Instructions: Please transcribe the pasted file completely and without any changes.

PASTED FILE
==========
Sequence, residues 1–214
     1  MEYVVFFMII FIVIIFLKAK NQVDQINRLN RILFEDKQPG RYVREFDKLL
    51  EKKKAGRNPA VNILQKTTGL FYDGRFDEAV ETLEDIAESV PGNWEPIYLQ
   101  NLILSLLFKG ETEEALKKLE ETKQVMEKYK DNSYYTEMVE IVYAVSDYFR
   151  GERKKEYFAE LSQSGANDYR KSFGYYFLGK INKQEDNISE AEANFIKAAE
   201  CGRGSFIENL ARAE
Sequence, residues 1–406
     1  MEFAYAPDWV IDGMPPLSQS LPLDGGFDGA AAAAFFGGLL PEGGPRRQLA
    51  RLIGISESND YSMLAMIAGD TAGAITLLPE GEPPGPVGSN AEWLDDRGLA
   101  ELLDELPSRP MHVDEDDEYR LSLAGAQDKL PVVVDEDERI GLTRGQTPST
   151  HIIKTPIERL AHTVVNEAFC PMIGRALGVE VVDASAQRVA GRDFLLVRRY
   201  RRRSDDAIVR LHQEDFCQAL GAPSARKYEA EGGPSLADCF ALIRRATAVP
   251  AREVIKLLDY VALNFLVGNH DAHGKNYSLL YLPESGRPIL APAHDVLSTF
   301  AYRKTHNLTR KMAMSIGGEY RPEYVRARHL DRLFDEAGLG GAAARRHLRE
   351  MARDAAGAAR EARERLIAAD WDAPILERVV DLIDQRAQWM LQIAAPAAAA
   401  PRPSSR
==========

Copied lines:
Sequence, residues 1–214
     1  MEYVVFFMII FIVIIFLKAK NQVDQINRLN RILFEDKQPG RYVREFDKLL
    51  EKKKAGRNPA VNILQKTTGL FYDGRFDEAV ETLEDIAESV PGNWEPIYLQ
   101  NLILSLLFKG ETEEALKKLE ETKQVMEKYK DNSYYTEMVE IVYAVSDYFR
   151  GERKKEYFAE LSQSGANDYR KSFGYYFLGK INKQEDNISE AEANFIKAAE
   201  CGRGSFIENL ARAE
Sequence, residues 1–406
     1  MEFAYAPDWV IDGMPPLSQS LPLDGGFDGA AAAAFFGGLL PEGGPRRQLA
    51  RLIGISESND YSMLAMIAGD TAGAITLLPE GEPPGPVGSN AEWLDDRGLA
   101  ELLDELPSRP MHVDEDDEYR LSLAGAQDKL PVVVDEDERI GLTRGQTPST
   151  HIIKTPIERL AHTVVNEAFC PMIGRALGVE VVDASAQRVA GRDFLLVRRY
   201  RRRSDDAIVR LHQEDFCQAL GAPSARKYEA EGGPSLADCF ALIRRATAVP
   251  AREVIKLLDY VALNFLVGNH DAHGKNYSLL YLPESGRPIL APAHDVLSTF
   301  AYRKTHNLTR KMAMSIGGEY RPEYVRARHL DRLFDEAGLG GAAARRHLRE
   351  MARDAAGAAR EARERLIAAD WDAPILERVV DLIDQRAQWM LQIAAPAAAA
   401  PRPSSR